I’ve also had some thinking to do.

I’ve homeschooled each of my kids through their elementary years. I always planned to send them back in middle school. The purpose of this was to make the transition to public school easier and for the opportunity for friendships to be formed before they entered a high school where one rarely has two classes with the same people.

Still, this didn’t stop me from reconsidering for this year.

I have never wanted to teach high school, and truthfully, I looked into it this year for my oldest son, but felt a tad overwhelmed. The stakes are higher with the older grades and questions that are pretty irrelevant for the younger years, are sobering now. What if I miss something and he falls behind? What if I miss the courses he needs for getting into college? What if the university/college he applies for doesn’t recognize a homeschool graduation diploma? And finally… these are his final years to form healthy friendships as an adolescent, how can I keep him home? So finally, I made the decision… he will be entering grade nine this fall in a local private school.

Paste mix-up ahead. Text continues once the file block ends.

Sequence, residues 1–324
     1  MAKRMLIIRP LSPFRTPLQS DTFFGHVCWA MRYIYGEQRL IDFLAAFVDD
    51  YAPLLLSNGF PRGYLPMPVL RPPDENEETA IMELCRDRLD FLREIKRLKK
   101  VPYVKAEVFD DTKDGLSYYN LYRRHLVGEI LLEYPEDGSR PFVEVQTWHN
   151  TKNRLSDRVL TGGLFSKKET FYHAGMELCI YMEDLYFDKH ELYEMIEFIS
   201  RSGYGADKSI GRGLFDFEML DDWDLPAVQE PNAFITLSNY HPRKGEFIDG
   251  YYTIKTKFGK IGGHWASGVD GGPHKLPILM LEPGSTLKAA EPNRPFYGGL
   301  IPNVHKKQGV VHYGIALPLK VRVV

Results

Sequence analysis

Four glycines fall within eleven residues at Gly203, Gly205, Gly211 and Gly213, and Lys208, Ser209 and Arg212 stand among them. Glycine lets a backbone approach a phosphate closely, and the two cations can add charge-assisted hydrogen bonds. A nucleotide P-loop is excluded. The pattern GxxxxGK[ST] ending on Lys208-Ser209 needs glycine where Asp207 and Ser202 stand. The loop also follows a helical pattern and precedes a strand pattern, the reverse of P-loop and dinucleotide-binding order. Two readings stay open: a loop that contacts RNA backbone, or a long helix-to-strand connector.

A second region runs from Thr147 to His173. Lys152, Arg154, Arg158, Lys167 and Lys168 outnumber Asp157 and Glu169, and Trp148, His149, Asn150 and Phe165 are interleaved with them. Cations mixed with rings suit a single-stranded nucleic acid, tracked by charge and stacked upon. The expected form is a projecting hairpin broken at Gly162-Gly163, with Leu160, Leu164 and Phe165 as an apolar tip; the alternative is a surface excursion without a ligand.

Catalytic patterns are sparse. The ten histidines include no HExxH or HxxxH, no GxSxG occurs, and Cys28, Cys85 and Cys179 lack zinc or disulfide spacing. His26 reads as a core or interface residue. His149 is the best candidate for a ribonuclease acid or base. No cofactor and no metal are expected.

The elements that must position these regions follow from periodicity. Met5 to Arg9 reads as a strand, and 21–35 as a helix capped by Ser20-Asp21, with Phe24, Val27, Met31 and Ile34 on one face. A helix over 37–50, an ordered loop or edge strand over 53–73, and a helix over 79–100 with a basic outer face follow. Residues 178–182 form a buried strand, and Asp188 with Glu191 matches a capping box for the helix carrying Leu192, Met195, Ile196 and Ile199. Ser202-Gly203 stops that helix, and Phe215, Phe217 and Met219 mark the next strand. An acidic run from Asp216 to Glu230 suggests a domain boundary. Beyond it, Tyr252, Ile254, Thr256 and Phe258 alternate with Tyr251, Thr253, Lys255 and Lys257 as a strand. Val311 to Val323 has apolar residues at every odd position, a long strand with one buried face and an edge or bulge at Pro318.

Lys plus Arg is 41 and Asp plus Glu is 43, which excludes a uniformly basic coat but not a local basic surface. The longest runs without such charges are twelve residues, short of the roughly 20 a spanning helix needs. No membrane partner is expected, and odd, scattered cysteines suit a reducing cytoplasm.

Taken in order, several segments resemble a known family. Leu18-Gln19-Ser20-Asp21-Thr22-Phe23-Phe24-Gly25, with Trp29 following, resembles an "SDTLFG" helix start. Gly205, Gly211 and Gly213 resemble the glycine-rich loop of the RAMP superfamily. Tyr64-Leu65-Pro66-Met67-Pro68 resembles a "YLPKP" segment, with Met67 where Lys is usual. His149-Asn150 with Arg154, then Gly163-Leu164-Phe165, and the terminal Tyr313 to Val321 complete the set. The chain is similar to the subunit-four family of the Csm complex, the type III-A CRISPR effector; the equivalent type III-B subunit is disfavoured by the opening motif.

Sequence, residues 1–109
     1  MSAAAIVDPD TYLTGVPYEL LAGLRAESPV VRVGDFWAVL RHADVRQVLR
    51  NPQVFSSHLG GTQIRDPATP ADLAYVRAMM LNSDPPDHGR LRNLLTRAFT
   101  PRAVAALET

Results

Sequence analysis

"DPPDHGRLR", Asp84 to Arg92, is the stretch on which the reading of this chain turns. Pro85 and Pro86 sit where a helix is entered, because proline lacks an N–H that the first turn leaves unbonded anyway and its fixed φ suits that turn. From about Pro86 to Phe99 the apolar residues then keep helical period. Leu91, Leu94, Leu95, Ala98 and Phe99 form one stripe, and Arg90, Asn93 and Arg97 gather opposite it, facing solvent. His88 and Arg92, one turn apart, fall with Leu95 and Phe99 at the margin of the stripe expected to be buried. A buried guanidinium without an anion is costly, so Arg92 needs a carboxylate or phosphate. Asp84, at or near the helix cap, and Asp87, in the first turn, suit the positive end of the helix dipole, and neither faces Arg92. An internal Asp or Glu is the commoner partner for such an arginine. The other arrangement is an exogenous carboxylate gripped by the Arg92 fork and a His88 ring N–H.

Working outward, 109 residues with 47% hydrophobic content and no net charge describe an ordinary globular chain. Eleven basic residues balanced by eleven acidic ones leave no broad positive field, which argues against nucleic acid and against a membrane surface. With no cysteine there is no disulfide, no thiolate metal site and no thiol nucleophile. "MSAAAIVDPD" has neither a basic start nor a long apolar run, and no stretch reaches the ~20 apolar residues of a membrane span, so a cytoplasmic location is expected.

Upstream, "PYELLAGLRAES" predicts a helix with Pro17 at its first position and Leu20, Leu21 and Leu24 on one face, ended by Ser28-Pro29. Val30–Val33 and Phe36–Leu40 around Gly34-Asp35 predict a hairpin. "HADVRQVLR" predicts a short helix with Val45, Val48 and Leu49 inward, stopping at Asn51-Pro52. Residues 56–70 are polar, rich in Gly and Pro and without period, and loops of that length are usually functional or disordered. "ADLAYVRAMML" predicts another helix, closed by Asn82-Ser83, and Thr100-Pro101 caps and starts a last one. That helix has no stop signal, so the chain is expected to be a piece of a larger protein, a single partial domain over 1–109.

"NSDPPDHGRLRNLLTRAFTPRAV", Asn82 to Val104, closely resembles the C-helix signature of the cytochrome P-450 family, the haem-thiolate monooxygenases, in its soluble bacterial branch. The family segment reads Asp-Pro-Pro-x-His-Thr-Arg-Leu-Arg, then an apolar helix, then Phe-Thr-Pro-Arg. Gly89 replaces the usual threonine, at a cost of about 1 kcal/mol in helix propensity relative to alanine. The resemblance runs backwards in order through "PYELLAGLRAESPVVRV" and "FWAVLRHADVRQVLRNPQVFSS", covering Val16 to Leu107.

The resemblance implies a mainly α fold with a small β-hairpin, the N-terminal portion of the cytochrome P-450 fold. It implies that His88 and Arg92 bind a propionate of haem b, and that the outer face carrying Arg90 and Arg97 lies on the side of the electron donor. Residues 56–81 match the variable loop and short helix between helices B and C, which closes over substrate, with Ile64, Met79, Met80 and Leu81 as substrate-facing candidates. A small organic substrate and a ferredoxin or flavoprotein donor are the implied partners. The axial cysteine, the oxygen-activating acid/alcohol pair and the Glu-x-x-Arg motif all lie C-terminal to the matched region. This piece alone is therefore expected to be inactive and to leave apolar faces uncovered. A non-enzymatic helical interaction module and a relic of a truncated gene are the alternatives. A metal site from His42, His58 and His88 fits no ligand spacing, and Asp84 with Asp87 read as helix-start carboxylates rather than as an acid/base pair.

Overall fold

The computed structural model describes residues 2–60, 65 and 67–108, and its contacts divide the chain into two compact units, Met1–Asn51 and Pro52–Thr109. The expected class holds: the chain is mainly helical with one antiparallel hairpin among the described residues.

I was less sure about my middle schoolers, especially my son who struggles with asthma and can barely stand a mask on his face for five minutes before he starts flailing his hands, begging me to take it off. I offered both my daughter in grade seven, and my son in grade six that they could homeschool this year. I even ordered curriculum for them, but they both would really like to try out public school with their friends this fall. So, I agreed to let them try it out. If huge issues arise, we will simply take them back home.